- Not be tagged as “Draft”;
- Not include or add information that has not been authorized by the product owner or the Authority;
- Not have information regarding the FSCA deleted, altered, or concealed from;
- Not be password-protected;
- Not contain any third-party marks (e.g., contact details of consignees); and
- Be accessible to any person who may have potentially been supplied with affected devices; therefore, the presence of “Privileged and Confidential” or “Restricted” tags in the FSN is inappropriate and strongly discouraged.
Apart from the general points described hereabove, the document also outlines certain specific aspects to be taken into consideration with respect to field safety corrective actions and field safety notices associated thereto. In particular, the authority emphasizes the following:
- Any sensitive information should be removed from the notice before it will be submitted for publication since the authority will publish it “as is” – exactly the version provided by the responsible party;
- The main purpose of having field safety notices published by the authority is to ensure that important safety-related information is available to all the parties involved in operations with medical devices and is duly communicated to the ones who may benefit from it.
Completion of Reporting Obligations
Another important aspect addressed in the guidance relates to the completion of reporting obligations associated with the field safety corrective notices. Under the general rule, the FSCA reporting obligation will be considered completed when all appropriate corrective actions have been undertaken by the dealer, subject to the concurrence of the authority. The latter additionally emphasizes that the said actions will be considered completed only provided the appropriate written notice from the HSA has been received.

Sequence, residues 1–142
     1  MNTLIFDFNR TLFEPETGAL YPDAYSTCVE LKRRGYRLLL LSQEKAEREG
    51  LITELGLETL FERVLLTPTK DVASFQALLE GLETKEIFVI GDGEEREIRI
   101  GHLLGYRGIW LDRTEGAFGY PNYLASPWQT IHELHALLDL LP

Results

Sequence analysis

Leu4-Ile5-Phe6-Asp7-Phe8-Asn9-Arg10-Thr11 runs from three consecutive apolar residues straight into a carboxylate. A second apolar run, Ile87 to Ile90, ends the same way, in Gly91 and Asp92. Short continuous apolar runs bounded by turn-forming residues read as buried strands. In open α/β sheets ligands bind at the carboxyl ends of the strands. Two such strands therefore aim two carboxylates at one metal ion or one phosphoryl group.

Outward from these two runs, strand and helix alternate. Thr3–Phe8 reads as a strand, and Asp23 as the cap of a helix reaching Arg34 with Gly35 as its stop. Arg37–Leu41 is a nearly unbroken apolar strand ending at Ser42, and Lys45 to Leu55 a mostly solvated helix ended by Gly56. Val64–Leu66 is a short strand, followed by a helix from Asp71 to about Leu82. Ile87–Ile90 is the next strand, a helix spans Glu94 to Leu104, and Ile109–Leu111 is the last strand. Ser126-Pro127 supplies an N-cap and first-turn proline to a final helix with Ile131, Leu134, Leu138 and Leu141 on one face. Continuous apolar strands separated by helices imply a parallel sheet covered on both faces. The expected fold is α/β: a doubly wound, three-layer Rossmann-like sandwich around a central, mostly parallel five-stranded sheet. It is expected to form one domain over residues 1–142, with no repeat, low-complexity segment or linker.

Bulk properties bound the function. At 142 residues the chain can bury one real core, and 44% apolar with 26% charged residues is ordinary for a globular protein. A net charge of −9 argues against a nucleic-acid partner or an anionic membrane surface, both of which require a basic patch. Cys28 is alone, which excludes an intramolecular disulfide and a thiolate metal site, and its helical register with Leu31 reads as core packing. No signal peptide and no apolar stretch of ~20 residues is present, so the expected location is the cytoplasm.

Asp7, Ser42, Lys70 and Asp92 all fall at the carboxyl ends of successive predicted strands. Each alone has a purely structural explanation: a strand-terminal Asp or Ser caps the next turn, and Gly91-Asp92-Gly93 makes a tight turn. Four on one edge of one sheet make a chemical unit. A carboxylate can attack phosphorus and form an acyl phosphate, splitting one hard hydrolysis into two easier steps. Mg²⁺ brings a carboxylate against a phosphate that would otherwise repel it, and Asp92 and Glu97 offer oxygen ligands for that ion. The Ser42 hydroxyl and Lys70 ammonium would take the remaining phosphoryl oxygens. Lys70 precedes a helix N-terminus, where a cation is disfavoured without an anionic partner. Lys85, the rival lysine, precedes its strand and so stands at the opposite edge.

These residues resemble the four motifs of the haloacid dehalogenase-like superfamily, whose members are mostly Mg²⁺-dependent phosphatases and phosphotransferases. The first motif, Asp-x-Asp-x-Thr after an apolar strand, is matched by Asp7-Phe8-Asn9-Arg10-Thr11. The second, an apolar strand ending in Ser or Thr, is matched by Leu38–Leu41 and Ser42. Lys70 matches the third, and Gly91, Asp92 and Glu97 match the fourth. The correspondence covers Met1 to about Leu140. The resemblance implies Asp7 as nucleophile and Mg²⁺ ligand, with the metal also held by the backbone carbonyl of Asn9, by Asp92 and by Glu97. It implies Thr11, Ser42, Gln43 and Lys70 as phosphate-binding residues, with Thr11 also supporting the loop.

In accordance with the applicable record-keeping requirements, a party involved in operations with medical devices is obliged to keep the records related to the field safety corrective actions for the entire projected useful life of the affected device, but at least for 2 years. This applies to such documents as the field safety notice itself, the list of affected parties, as well as acknowledgment receipts for dissemination or the appropriate service reports whereby the corrective actions taken with respect to the affected device are duly documented.
Moreover, it is also important to mention that even when the above obligations are duly fulfilled and the field safety corrective action is deemed completed, the HSA is still entitled to request additional information to be provided if the authority deems such information to be necessary.
In summary, the present HSA guidance provides additional clarifications regarding the specific aspects associated with field safety corrective actions to be taken with respect to affected medical devices. The document describes the way field safety notices will be published and also outlines the applicable reporting and record-keeping requirements.